A study conducted at East Carolina University titled Specific Benefits of Authoritative Parenting Style concluded that fewer participants grouped in the Authoritative environment had results with no mental health symptoms. The study means the authoritative parenting style has better effects on children’s mental health and has positive developments in the future.
How to Be an Authoritative Parent?
Parenting styles can be complex and challenging to pinpoint, but authoritative parenting is one of the best. Authoritative parents are authoritative while also being nurturing, supportive, considerate, and accepting.
Authoritative parenting is a form of positive parenting that gives children the guidance they need to help them grow. The authoritative parents are responsive and supportive but also provide firm boundaries for their kids with guidelines. They try to listen to what each child says but don’t always yield to their demands.
Baumrind mentions specific traits of authoritative parents. Common characteristics exhibited by an authoritative parent include:
- Reinforce positive punishment, setting fair rules.
- Allowing kids to express their opinions.
- Encouraging children to discuss their options or views.
- Not afraid to convey warmth and nurture needs.
- Authoritative parents foster independence and reasoning.
- Listen to their children.
- Placing boundaries and fair consequences on their children’s behavior.
- Appropriate expectations depending on the child’s age.
- They realize that their child is not perfect.
- Allow room for normal behavior.
This parenting method balances strictness and warmth, or a sense of “discipline without rage” (Baumrind). Parents are warm and supportive of their children yet have specific guidelines to be followed within the home. These parents set clear family rules for standards that are reinforced consistently. They emphasize communication as an essential method for resolving conflicts in the household- not only do these types of parents listen to their kids about anything related to them, but they also let the children know when it is time for them to respect certain boundaries. Authoritative parenting sets up strong bonds between the parent and child because there is less disconnect.
Disadvantages of Authoritative Parenting
While authoritative parenting is most often recognized and endorsed by psychologists, parents should know its pros and cons. While the pros are numerous, there are also limitations to this type of parenting style that ought to be considered.
It also takes a lot of patience and effort to make sure everyone feels cared for.
One potential drawback of authoritative parenting is that it may need to adjust rules. Two of the possible disadvantages of practicing authoritative parenting style:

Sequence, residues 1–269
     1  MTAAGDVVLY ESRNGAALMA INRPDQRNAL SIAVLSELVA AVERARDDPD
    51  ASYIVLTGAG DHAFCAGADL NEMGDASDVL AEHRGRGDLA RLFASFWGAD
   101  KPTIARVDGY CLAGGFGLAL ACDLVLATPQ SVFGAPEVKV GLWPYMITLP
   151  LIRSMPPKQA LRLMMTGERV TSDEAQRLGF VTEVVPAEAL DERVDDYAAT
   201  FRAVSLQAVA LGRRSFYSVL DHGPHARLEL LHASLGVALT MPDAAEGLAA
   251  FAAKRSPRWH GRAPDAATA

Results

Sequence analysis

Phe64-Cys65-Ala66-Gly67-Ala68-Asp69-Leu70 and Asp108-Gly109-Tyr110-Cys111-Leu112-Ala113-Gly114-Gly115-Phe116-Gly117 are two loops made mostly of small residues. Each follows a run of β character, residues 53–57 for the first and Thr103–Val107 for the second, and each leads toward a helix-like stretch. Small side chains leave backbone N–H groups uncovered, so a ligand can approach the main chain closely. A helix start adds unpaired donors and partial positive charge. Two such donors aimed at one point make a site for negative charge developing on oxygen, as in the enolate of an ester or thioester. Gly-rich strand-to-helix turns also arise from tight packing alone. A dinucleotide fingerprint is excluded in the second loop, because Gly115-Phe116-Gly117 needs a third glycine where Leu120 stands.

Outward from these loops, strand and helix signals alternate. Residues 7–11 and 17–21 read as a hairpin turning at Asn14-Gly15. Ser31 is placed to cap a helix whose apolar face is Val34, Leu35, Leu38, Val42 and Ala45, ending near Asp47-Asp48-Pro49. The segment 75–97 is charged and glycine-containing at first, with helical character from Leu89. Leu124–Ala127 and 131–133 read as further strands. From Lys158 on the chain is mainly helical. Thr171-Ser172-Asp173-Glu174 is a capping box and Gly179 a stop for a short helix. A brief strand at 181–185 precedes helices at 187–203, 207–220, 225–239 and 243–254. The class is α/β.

When an authoritarian parent sets forth expectations, the child can sometimes go through a normal rebellious phase during adolescence. Sometimes, they find it hard to comprehend that their parents have rules and consequences. The authoritative parent is adaptive to the child as it ages, but this rebellious phase in adolescence will prove challenging for the authoritative parents because of these expectations.
Complicated and difficult to adapt
Parents who practice the authoritative parenting style will often adapt to a child’s changes and behavioral issues. It can be very stressful for an authoritative parent, as they try to listen to their child and understand the reasons behind their action. An authoritative parent wants to be the best possible parent at all stages of child development, which can add more stress on top of being a parent.
As we wrap up, let’s take a second to review the five tips for becoming an authoritative parent. The first is to be mindful of your child’s needs and feelings when making decisions about them. Next, use firm limits that are consistently enforced with love. Third, try not to lecture or punish too often. Fourth, make sure you have reasonable expectations for your children while still supporting their pursuits of happiness and success. Finally, set boundaries on aggressive behavior but never stop showing affection towards your kids no matter what they do (or don’t). It may seem daunting at times as parenting can feel like one long learning experience all the time; however, it is essential to remember that there will always be obstacles along with parenthood.
We hope you found this blog post helpful and that it has given you some insight into the benefits of authoritative parenting. What are your thoughts on our conclusions? Have we missed any key points about why authoritative parenting is a beneficial style to have in your family life? Let us know by leaving a comment below!